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Weekend Radar: Kultura Filipino Arts Festival, Jump Up, Jump Up, Oliver Mtukudzi at the Opera House, New Bloor Festival, Ride the Tiger at the Dakota, Deli Duel, Pedestrian Sunday, Love, Saskatchewan

Saturday, July 24:

FESTIVAL | Kultura Filipino Arts Festival
The industrious young folk at the Kapisanan Phillipine Centre in Kensington Market have been fostering the city's Filipino artistic community for five years, churning out concerts, gallery shows, and art festivals at an impressive rate. Saturday they're taking over the South end of the Market to stage the Kultura Filipino Arts Festival, a day-long event centred around the theme of "the Chosen Narrative" and featuring performances of music, spoken-word, theatre, a multi-media art installation and a smorgasbord of tasty Filipino food. A visual art exhibition inside the centre will showcase the work of ten young artists, and in the evening four new plays will have staged readings.
Bellevue Square Park and Kapisanan Phillipine Centre for Arts and Culture, 167 Augusta Avenue, Free, 12 pm - 8 pm

MUSEUM | Jump Up, Jump Up: Caribana Celebrations at the ROM
Caribana is known for its annual sexy parade and a litany of hot nightclub parties, so this exhibition at the ROM is on the tamer end of the spectrum of the festival's events. But hey, there's more to Caribbean culture than extravagant costumes and a happening nightlife, so just think of the exhibit as the healthy dose of veggies your auntie makes you eat before you scarf down a johnny cake. Sandra Whiting will be telling traditional Caribbean stories all weekend, and Earl St. Pierre will make the museum galleries ring with his impressive steel pan drum playing. For the kids, there's daily carnival mask decorating workshops. Runs til Sunday.
The Royal Ontario Museum, 100 Queen's Park, Free with museum admission (kids $16, students $21, general $24), Saturday and Sunday 11 am - 4 pm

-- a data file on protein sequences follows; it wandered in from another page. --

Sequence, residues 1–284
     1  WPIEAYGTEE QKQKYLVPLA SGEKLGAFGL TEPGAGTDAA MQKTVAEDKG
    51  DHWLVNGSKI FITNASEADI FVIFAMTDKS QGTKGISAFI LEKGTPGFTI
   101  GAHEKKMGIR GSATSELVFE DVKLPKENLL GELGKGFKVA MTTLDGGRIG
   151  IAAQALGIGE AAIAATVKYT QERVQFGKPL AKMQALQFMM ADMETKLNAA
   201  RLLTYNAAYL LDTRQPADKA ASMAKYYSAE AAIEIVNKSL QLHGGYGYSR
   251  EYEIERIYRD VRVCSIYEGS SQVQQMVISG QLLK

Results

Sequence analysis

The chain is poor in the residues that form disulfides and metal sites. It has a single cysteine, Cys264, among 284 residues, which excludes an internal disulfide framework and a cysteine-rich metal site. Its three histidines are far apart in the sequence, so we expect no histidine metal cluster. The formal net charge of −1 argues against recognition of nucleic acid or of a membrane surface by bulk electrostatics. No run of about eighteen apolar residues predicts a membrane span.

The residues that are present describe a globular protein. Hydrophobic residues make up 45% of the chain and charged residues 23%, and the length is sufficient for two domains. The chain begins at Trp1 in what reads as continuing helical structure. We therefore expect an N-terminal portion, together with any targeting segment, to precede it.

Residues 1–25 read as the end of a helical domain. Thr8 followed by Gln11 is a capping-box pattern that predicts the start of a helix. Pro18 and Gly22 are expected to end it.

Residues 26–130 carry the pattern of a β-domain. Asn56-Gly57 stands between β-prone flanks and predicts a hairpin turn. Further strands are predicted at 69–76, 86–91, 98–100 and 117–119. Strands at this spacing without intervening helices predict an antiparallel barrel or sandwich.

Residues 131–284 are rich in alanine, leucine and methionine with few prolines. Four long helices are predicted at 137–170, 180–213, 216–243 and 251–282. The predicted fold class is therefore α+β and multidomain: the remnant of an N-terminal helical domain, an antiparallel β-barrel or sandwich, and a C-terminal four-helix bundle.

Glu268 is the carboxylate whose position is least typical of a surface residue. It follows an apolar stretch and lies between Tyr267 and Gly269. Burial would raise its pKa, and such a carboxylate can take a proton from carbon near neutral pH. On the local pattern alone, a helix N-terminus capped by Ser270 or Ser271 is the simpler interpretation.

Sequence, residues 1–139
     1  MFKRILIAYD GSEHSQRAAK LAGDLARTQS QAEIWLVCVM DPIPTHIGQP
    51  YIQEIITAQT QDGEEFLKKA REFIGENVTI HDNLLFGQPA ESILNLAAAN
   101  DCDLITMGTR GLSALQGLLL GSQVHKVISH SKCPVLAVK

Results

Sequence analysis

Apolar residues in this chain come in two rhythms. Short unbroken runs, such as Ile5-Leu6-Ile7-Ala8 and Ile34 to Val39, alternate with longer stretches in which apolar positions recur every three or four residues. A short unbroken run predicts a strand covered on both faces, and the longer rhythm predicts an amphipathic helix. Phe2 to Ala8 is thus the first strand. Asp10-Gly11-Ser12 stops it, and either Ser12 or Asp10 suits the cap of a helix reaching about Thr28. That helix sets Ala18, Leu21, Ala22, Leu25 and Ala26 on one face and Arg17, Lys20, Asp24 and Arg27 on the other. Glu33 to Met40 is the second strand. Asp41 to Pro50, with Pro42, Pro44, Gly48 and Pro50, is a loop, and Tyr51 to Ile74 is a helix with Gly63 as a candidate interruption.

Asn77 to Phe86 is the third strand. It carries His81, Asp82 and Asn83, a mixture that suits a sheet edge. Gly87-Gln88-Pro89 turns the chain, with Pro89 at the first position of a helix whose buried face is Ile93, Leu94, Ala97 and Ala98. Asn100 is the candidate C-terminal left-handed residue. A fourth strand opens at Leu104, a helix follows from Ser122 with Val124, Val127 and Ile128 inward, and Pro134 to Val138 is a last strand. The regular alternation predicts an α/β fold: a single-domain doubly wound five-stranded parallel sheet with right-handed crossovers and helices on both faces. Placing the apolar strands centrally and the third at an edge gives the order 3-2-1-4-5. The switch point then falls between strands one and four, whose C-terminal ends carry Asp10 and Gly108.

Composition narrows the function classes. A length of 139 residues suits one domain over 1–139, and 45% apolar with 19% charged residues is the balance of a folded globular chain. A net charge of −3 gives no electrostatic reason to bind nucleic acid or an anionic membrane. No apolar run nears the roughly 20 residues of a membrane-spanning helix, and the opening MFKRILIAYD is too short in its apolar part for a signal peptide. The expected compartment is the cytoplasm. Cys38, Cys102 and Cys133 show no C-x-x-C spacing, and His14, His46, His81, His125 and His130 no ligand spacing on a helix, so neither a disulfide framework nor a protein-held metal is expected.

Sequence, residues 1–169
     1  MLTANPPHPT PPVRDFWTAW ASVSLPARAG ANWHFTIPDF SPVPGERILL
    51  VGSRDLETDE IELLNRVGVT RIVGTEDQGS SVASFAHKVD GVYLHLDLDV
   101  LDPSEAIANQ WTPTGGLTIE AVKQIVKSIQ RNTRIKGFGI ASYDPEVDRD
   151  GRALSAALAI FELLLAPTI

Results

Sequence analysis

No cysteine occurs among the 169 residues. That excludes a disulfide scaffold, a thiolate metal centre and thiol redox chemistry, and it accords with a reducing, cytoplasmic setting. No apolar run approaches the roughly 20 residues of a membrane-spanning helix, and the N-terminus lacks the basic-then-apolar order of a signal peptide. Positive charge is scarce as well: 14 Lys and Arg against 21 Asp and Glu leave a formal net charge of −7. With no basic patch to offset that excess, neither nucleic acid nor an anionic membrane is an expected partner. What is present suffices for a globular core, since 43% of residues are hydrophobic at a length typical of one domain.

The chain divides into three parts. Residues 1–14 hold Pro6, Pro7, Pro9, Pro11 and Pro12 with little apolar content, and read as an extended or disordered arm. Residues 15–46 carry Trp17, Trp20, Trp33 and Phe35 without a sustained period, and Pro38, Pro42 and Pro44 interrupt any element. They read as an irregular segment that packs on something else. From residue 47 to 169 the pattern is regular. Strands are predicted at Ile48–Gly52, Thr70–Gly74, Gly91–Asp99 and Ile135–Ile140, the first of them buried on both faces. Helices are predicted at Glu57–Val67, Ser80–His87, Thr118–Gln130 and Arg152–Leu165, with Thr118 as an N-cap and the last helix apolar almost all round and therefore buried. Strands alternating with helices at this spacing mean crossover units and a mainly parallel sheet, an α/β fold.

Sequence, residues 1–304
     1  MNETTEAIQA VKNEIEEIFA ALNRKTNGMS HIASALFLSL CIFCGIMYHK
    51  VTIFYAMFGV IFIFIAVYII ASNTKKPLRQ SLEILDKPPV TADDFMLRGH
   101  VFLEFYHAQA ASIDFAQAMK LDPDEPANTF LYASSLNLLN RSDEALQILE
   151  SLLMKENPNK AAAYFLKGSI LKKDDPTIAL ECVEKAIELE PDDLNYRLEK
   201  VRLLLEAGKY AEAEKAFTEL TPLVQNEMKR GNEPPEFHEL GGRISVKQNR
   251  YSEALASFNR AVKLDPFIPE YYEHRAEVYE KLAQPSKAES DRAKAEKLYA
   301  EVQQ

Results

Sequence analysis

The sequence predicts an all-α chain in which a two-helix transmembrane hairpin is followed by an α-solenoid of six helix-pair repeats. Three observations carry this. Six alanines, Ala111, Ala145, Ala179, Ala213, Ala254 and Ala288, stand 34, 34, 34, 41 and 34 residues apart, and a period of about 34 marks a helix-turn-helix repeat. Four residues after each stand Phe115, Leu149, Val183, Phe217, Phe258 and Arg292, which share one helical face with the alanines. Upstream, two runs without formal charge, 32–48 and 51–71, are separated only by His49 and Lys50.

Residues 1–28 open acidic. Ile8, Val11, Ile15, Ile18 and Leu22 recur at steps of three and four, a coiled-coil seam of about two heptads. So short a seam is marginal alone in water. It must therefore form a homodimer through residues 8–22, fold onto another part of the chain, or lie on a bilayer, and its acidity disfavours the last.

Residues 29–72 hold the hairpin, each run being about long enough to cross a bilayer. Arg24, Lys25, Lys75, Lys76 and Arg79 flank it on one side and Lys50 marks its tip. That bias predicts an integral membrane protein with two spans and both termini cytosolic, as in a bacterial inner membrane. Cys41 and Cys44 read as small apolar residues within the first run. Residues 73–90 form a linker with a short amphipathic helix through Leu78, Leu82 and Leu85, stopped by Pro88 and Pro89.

MUSIC | Oliver Mtukudzi at the Opera House
Oliver "Tuku" Mtukudzi is the most famous musician ever to emerge from Zimbabwe, and has been so innovative over his 33-year career that he's credited with creating a new style of music called "tuku music." Blending a mixture of African genres with Western influences, Tuku's released over forty albums filled with songs that reflect the daily struggles of Zimbabweans. Despite his native country's shameful deterioration under the Robert Mugabe regime, the musician refuses to leave and has released several singles that indirectly criticize the aging despot, including the cheeky Wasakara (You Are Getting Old). Toronto's African music community is buzzing over his rare appearance in our city tonight.
Opera House, 735 Queen Street East, $30 advance, $35 at the door, 8 pm

STREET FESTIVAL | New Bloor Festival
The stretch of Bloor between Dufferin and Landsdowne is laying claim to the title of "the New Bloor Street", in a nod to the ever westward march of gentrification along downtown Toronto's main thoroughfare. In celebration of the neighbourhood's increasingly vibrant culture, the New Bloor Festival is shutting down the street this weekend and inviting over 200 local vendors and artists to show their stuff. Musicians including three-piece garage rockers Ethel and the Mermen, singer-songwriter Beware! The Leopoard, and musical duelers Casey vs. Jon, will be performing on two stages throughout the day, and the Bloorcourt Affordable Art Fair will be offering up the work of talented local painters, sculptors and photographers on the cheap.
Bloor Street between Dufferin and Landsdowne, Free, 1 pm - 9 pm

MUSIC | Ride the Tiger at the Dakota Tavern